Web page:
And, they are stumped by the issue of solar panels that cannot be "turned off" (just like batteries).

    But, we may as well wring our hands about stored fuels too (can't "turn off" gasoline or diesel either--little bit of fuel+air+ignition source--and away it goes).

    Grounding vs ground loops in fixed installations have never been an issue before. In any house or building (not protected by an AC GFI near water), I can connect a 100 watt light to the neutral or the earth safety ground, and everything will work just fine.

    Why is this all of a sudden an issue with solar panels mounted on a building (but not mounted at the side of a building)? They are talking about fire prevention--everything is normally based on the current (and voltage) carrying capacity of the conductors (including the ground conductor).

    Then they get into the discussion about "...the grounding of all PV systems (even 12-volt systems) will reduce radio frequency noise from dc-operated fluorescent lights and inverters...". Sorry, a single safety ground is about useless for grounding RF noise. If you want to contain RF, you have multiple grounds around the entire chassis (or at least, multiple AC caps to ground).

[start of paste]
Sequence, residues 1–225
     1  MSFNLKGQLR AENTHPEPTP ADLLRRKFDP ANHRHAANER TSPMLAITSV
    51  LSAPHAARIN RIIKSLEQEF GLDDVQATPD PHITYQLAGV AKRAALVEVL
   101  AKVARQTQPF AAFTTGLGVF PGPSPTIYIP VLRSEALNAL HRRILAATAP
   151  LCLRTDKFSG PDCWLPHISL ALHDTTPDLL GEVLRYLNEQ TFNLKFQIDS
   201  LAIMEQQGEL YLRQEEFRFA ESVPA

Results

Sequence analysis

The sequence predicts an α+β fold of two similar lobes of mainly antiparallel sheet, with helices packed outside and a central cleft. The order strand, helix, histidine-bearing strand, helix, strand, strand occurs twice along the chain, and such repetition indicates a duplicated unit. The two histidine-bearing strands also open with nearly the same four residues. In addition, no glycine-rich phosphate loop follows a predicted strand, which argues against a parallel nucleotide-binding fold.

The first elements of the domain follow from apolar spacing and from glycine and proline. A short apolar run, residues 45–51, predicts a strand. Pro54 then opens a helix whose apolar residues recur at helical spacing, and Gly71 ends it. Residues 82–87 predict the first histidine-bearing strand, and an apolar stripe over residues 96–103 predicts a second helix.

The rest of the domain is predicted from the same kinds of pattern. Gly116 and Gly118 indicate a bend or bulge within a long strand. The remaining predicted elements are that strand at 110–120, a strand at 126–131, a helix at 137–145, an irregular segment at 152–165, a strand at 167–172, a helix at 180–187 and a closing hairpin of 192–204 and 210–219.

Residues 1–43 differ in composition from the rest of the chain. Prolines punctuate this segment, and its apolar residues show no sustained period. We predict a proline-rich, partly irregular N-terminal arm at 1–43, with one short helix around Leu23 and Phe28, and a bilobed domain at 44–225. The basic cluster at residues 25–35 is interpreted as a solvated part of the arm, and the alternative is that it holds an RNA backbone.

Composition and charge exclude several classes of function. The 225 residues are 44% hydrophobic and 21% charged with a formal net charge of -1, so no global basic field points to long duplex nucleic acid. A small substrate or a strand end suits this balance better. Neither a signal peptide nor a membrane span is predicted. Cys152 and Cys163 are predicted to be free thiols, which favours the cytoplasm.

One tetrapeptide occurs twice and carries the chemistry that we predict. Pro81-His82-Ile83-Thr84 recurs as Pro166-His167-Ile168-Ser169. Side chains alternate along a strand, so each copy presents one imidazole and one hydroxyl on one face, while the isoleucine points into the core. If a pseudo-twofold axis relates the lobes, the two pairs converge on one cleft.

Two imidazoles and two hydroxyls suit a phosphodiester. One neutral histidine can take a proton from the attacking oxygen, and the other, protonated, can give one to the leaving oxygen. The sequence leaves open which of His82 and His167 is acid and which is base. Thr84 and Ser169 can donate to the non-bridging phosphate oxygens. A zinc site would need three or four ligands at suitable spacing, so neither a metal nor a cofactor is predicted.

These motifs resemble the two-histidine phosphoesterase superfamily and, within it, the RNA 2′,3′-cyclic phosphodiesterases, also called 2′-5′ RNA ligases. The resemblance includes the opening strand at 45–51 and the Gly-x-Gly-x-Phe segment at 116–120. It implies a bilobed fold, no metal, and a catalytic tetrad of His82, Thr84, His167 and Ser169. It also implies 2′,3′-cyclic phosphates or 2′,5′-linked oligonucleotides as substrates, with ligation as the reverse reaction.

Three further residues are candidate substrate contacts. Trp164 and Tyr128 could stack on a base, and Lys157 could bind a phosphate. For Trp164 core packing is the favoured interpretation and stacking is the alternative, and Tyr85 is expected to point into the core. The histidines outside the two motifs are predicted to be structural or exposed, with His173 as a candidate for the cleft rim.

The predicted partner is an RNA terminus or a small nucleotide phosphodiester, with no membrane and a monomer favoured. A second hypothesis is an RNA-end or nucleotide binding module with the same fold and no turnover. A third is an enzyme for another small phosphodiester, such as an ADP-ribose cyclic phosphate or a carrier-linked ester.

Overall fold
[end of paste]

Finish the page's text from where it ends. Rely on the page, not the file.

And then they get into the issue of DC appliances, such as car radios, and ground loops... Well, in vehicles, the chassis is the ground conductor (not a ground loop)...

    They have really gone of in the weeds on this one. There would not have been a ground loop problem with solar panels if they did not require a DC safety ground for an isolated solar panel. And, if they were really concerned about ground loops, they would have simply done the equivalent of floating both the + and - leads with a simple filament lamp to ground from each lead. If there are no shorts, both lamps glow dimly (each gets 1/2 the voltage drop, and there is no current flow through earth). If, there is a short to either of the + or - leads, then one light will glow brightly (full voltage) and the other will be out--with a small current (lamp current) through the safety ground.

    But, no, they want to use already listed and available components (like the ganged circuit breakers) to achieve their aims of preventing ground loops. Which was never an issue with AC mains...

    -Bill
    Near San Francisco California: 3.5kWatt Grid Tied Solar power system+small backup genset
  • System2System2 Posts: 6,290 admin
    Re: Battery Grounding

    Bill, I wish you were running the Country, and no I'm not joking!
    Why has common sense vanished in modern North America?
    Have our schools "educated" it out of everyone?
    Shaking my head in dismay - -
    Wayne
  • BB.BB. Super Moderators, Administrators Posts: 29,246 admin
    Re: Battery Grounding

    Thank you very much Wayne. :blush:

    But I am still working on the power sharing arrangement with my wife (and two kids) at this time... :confused:

    I guess I should be clear here--I believe this is commentary on the NEC and how it affects solar systems. And how the NEC (when sections of the code are not clear) may be implemented.

    So--it is unclear to me if the comments were made with information from the authors of the NEC, or just trying to justify external discussions and implementation details by 3rd parties not involved with the NEC folks themselves.